C.E. Niehoff designs and manufactures heavy duty brushless alternators.
Speed range and temperature are two influential variables.
With respect to speed range, average engine cruising speed, for example, is more important to long-haul trucks. Average engine low idle speed, on the other hand, is more important to in-city delivery vehicles.
Temperature factors in as well. An alternator’s nameplate output rating is taken at a shaft speed of 6,000 rpm and with 22 degrees C (about 72 degrees F) ambient cooling air per SAE J56 and ISO 8554. However, the reality is that alternator output at typical ambient engine air temperature is less than at ambient room temperature.
“This effect is referred to as derating and is due primarily to the increase in alternator internal copper resistance with increasing temperature,” says Ciaran Patterson, chief engineer at C.E. Niehoff. “So a fleet manager should look at alternator capacity curves over the entire speed range—while also remembering that the published 22-degree C curves will need to be reduced by up to 15 percent to account for this effect. Understanding alternator output curve will help you select an alternator with adequate capacity to support not only vehicle loads, but also provide for complete battery recharging in a time period corresponding to the shortest drive cycle for the vehicle application.”
There are other benefits to oversizing an alternator. Potential fuel savings is one.
“Alternators convert mechanical energy into electrical energy,” Steele says. “Some alternators are in the high-60s in terms of efficiency. If you go up in size a bit, you might get to 72 percent efficiency. Just those few percentage points on a 500hp engine can really translate into fuel savings. Some fleets have shown a positive ROI in a year or two.”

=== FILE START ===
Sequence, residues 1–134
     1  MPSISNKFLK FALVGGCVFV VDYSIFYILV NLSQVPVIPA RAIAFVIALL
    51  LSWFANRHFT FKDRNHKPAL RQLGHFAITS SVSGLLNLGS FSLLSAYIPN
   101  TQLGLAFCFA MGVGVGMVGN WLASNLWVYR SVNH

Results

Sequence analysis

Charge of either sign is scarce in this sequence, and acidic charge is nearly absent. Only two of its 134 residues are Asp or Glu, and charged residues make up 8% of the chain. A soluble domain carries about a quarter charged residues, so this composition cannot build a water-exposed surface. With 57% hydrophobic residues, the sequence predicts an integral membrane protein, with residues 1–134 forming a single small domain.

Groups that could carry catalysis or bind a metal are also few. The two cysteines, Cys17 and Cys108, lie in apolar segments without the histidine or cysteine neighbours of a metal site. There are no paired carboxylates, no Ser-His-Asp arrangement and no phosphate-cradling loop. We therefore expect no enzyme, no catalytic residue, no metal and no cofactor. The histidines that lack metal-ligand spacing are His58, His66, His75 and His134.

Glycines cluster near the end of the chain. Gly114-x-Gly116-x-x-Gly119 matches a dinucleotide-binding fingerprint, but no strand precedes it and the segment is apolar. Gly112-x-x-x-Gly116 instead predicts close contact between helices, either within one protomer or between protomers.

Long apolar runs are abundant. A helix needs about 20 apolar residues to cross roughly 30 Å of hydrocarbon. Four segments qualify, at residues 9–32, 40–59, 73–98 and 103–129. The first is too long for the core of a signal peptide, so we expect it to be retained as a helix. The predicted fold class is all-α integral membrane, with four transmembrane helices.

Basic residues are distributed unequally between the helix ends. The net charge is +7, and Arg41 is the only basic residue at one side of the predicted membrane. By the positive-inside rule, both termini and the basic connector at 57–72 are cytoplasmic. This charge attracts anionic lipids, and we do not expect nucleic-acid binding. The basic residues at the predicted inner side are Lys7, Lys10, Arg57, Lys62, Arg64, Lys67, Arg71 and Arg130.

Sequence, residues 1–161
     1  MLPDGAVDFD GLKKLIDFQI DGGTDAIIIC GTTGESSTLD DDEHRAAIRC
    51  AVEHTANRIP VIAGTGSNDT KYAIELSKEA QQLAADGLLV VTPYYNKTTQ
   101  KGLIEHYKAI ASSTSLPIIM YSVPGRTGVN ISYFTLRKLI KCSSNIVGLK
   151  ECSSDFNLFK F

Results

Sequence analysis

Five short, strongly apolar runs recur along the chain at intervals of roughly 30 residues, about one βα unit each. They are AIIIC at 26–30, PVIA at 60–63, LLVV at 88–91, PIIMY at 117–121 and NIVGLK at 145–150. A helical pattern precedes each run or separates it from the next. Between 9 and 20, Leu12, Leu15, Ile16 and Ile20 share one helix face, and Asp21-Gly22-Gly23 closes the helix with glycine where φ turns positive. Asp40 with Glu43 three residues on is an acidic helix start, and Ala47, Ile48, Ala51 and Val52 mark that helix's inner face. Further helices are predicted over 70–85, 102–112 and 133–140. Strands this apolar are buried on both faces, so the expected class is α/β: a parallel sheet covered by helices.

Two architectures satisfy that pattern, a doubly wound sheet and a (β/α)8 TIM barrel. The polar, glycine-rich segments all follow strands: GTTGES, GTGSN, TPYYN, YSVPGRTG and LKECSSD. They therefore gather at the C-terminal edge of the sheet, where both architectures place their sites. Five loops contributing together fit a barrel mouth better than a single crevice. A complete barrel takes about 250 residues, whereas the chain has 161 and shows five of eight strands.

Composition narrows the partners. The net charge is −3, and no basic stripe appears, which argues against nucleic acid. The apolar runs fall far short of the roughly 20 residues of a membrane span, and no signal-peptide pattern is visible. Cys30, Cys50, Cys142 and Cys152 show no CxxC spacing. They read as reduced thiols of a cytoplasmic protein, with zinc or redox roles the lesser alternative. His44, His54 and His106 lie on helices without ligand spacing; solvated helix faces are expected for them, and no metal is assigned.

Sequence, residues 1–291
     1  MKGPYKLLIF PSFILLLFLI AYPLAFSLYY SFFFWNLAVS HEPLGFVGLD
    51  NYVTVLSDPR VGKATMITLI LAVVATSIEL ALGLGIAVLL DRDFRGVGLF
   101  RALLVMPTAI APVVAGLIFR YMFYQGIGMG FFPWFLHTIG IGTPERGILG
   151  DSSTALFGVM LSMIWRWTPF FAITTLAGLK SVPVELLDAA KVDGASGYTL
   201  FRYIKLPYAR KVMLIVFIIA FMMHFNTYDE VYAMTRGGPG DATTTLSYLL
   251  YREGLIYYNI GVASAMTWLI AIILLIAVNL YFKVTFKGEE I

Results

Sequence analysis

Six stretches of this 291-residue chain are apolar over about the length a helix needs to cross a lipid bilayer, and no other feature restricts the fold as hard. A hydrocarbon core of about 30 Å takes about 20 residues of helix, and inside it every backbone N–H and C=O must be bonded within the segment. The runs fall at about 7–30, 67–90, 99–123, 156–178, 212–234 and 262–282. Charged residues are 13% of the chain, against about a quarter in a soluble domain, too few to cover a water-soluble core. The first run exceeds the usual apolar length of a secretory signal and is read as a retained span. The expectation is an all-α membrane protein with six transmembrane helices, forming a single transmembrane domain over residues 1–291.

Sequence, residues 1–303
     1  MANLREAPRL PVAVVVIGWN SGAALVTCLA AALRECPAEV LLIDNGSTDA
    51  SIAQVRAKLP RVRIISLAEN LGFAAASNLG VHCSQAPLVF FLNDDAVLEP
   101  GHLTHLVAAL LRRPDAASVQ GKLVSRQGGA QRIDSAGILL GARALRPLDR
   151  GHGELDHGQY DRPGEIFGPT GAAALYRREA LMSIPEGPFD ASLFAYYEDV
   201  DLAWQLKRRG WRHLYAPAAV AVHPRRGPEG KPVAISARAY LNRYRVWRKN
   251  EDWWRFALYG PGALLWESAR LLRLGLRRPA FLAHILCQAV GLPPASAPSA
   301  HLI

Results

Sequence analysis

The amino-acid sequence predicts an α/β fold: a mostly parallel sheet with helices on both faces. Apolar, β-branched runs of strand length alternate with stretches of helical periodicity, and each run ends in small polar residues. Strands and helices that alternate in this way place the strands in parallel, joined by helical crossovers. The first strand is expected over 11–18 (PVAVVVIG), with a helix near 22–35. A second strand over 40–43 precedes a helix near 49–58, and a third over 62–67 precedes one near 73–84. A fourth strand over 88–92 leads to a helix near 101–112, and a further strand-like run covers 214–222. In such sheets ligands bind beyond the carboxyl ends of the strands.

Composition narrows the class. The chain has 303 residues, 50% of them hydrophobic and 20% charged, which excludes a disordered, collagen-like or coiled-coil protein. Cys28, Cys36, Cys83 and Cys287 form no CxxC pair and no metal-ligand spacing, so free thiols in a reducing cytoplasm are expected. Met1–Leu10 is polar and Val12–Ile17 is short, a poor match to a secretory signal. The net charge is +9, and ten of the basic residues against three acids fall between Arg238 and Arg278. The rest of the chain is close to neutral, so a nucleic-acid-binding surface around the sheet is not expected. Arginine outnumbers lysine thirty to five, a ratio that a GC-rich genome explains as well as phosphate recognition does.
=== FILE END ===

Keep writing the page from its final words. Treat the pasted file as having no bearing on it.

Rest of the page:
One more potential benefit of an oversized alternator is life expectancy. Because it is oversized, it is generally underutilized. Therefore, it runs cooler and can last longer.
Other features that enhance alternator efficiency
Remote sense is a feature than can benefit local fleets. It’s not a new technology, but it has become increasingly common. A small sense wire reads actual voltage at the battery, signaling the regulator to increase voltage output to compensate for any loss in the heavy cables. This allows for a higher battery state of charge, as well as faster battery recharge rates.
“Even a half volt difference can cut recharge time in half,” BorgWarner’s Steele says.
Brushless technology is also becoming more popular. The main benefits are fewer parts and longer life. Brushless alternators do cost more. If a fleet plans on keeping the vehicle for more than a couple of years, brushless could be worth the price premium.
“A brushless alternator is a bit more complex,” Steele says. “But maintenance is easier because there are no brushes. All you really have to do is keep it clean so it gets good airflow. Then it will run cooler and you’ll get more performance and life out of it.” Delco Remy Genuine Products offers both brushed and brushless alternators.
C.E. Niehoff offers brushless exclusively. Since bearings represent the only consumable item, bearing life is critical to the overall longevity of the alternator, Rosenbloom says. Thus, it should be an important area of scrutiny when comparing brushless alternators.
“Bearing life is determined by the mechanical forces on the bearings due to belt tension in combination with alternator torque,” Rosenbloom says. “Bearing life is also determined by the quality of the bearing grease, its suitability for the application environment and by how well the bearing grease is protected from contamination by sand, dust, water, etc.”
At the other end of the spectrum are companies like Mahle that have continued to focus solely on brushed alternators.
“Yes, brushes can get dust hung up on them,” Hopko says. “But a good, quality carbon-brushed alternator can still last a long time. We’ve gone to a smaller slip ring diameter to allow space for longer brushes that wear longer. We’ve gone to special alloys in the slip ring, and ensure that bearings are rated to 18,000 rpm for more durability.
“As a fleet manager, you have to determine what is best for your particular fleet,” Hopko continues. “Maybe you’ll have some vehicles with brushed units and some vehicles with brushless. Then see which last longer. Even with brushless, other things can go wrong and the alternator can still fail. So you need to take all things into consideration.”